Read last week’s introductory article: Remaining in Congo | A Grateful Look at the Past
Last week we looked gratefully at a period in our history when two Brothers, Victor Kazadi and Placide Ngoie, cultivated the strength of the Holy Spirit and sought to keep the Xaverian Charism alive in the Congo. We are still present in the Congo, and so their efforts, when measured in this simple and ordinary way, have resulted in a resounding success. Since those precarious years, the Brothers reopened their formation program (in the late 1970’s through the efforts of Victor and Placide), a scholasticate (in the 1990’s), built new schools, and started addition mission outreach ministries.
We wish to describe some of the things that the Brothers in Congo are doing today. Things that they can do only while standing on the shoulders of Brother Victor and Placide, for had these two men not remained, there would likely be no Xaverian presence in the Congo.
The capitial city of the Katanga Province, Lumbumbashi is the center for government, industry (particularly mining), and education in the region. It is also the Metropolitan See for the Archdiocese of Lumbumbashi. This is the home of the Brothers house of studies (scholasticate) since the 1990’s.
In addition to their studies, scholastics involve themselves in several ministries, from education to involvement in local youth groups.
Brother Trésor discusses his work with youth in Lubumbashi during his time at the scholasticate, in the video above.
Likasi is the center for much of the Xaverian activity in Congo. Our largest school is there, College Tutazamie—where Brother Victor was Prefect—which houses a large primary school as well as a secondary school program. In another section of the city, known as Kikula, the Brothers sponsor S François Xavier primary school—another very large primary school serving over 2000 students. A few years ago, the Brothers opened the Rijken school—a pre-school program located in the neighborhood of the College.
Two social ministry projects have developed in Likasi. Maison Frère Georges is a program for young women who were abandoned or separated from their family and living on the streets. Here the women learn sustainable skills in sewing and cooking.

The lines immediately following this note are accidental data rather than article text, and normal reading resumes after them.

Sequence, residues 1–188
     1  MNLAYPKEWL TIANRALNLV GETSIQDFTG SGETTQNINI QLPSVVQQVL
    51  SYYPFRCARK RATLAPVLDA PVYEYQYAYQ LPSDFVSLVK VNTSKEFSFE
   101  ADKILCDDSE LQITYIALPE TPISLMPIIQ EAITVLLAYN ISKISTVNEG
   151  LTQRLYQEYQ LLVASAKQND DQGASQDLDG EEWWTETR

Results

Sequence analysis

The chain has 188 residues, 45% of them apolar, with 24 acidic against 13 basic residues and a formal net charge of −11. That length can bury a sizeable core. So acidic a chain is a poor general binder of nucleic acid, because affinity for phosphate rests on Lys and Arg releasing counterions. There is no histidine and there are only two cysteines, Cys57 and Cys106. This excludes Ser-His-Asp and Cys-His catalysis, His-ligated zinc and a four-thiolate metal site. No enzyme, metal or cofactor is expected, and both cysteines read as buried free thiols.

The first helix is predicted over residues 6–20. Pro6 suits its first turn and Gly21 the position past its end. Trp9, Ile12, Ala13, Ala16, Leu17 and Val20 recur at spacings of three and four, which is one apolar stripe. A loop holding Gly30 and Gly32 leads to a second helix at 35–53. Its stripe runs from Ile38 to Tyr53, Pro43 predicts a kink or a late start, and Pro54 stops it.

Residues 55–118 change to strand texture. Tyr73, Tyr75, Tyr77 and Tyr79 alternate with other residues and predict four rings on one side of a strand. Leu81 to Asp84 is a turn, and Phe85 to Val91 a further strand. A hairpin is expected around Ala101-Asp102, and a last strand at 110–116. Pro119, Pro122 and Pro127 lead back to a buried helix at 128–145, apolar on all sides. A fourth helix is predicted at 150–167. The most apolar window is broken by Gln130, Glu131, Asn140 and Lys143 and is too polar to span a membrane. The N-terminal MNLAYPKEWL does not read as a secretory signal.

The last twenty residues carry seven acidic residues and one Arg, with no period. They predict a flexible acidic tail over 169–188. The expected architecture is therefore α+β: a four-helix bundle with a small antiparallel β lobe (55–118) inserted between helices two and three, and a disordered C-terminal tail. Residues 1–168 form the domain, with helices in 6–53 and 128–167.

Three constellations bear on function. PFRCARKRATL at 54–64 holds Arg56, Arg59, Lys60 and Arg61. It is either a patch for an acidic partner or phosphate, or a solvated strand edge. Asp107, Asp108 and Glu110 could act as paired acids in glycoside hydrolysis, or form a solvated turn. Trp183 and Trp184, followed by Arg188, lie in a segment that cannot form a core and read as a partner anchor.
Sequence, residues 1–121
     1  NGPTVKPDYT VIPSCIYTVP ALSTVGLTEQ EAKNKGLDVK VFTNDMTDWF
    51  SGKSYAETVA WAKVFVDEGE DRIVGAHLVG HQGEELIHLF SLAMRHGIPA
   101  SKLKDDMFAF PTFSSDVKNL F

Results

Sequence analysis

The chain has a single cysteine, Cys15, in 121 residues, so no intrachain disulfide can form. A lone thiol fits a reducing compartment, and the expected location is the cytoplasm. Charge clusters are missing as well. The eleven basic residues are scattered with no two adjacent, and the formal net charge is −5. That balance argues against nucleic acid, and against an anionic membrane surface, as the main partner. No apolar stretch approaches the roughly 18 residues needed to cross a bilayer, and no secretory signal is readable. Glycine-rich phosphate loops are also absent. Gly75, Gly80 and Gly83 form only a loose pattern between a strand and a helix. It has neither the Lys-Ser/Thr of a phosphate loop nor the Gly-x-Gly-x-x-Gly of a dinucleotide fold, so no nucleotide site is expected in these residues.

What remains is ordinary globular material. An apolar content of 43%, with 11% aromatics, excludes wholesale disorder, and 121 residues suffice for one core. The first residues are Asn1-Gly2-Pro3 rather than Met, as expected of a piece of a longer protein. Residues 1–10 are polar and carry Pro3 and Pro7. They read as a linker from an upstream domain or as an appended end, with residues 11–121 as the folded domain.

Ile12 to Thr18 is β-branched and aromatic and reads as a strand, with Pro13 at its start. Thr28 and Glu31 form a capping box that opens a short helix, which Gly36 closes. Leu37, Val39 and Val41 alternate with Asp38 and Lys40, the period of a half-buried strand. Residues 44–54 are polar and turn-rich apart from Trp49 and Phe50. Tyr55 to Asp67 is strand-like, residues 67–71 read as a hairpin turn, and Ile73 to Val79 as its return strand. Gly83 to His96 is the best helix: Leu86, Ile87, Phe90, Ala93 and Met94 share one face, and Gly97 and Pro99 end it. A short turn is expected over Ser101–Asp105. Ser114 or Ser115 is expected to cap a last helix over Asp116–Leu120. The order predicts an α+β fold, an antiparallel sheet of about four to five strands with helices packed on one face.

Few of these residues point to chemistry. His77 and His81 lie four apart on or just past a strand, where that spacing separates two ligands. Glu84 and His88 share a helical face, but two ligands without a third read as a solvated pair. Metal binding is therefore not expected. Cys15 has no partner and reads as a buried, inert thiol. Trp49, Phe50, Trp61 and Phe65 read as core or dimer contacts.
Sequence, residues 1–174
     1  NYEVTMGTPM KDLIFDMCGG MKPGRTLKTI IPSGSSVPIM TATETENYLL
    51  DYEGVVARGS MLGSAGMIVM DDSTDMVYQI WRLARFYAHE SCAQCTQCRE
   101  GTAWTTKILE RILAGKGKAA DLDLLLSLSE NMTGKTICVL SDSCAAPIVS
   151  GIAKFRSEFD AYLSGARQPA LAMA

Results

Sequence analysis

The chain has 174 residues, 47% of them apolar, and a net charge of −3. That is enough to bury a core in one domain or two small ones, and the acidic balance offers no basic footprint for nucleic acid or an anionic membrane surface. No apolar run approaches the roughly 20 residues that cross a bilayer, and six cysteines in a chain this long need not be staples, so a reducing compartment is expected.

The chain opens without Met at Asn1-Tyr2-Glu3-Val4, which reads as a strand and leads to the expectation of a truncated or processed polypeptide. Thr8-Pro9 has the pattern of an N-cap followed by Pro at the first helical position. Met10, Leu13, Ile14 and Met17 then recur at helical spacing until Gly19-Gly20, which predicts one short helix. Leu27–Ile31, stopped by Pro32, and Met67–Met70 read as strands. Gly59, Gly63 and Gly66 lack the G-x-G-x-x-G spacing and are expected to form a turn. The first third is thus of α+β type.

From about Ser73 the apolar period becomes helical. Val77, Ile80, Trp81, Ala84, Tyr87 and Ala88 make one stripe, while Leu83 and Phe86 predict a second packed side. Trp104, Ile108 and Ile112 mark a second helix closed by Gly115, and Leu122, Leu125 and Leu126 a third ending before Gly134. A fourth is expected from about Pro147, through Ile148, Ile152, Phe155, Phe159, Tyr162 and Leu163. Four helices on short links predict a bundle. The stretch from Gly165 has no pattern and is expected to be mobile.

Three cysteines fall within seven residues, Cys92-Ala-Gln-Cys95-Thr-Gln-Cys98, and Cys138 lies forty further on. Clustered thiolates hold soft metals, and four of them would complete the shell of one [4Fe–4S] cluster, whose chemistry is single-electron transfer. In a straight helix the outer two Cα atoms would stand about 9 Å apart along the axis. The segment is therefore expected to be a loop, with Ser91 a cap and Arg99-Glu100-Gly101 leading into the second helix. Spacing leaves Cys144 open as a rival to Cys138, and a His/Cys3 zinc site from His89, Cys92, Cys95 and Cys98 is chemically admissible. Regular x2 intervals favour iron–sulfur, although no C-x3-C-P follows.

In addition to Maison Frère Georges, the Brothers also operate a program for street children. The Brothers provide them housing and food, as well as a structured environment to accompany them in their studies and life. A goal of the program is to reunite these young men with their family.
On this same property, the Brothers provide access to a well for the local community.
Moving approximately 125 miles Northeast of Lumbumbashi, we enter the remote village of Kasenga, where the Brothers came in the 1930’s to serve the local Congolese population. The Brothers had to withdraw in the 1970’s because of lack of personnel, but in 2009, four Congolese Brothers re-opened the mission as well as secondary and primary schools.
Kipushi is now the location of the Brothers’ International Novitiate–where young men go during their initial formation to prepare for their first vows as Brothers. Kipushi is a mining town located 20 miles southwest of Lubumbashi, along the Zambian border.
And so, the Brothers’ efforts to manifest care and compassionate love to world continue in this region of the world. The Xaverian passion is to live the present with compassion and love for those who are separated and estranged,…who suffer from want, neglect, and injustice: the poor, the weak, and the oppressed. Through their presence and ministry in the Congo, they continue to follow the vision of their Founder and be inspired by the faith of their confreres, Brothers Victor Kazadi and Placide Ngoie.
Next week we’ll see how Brothers embrace the future with hope through the inspiration of Brothers Victor and Placide.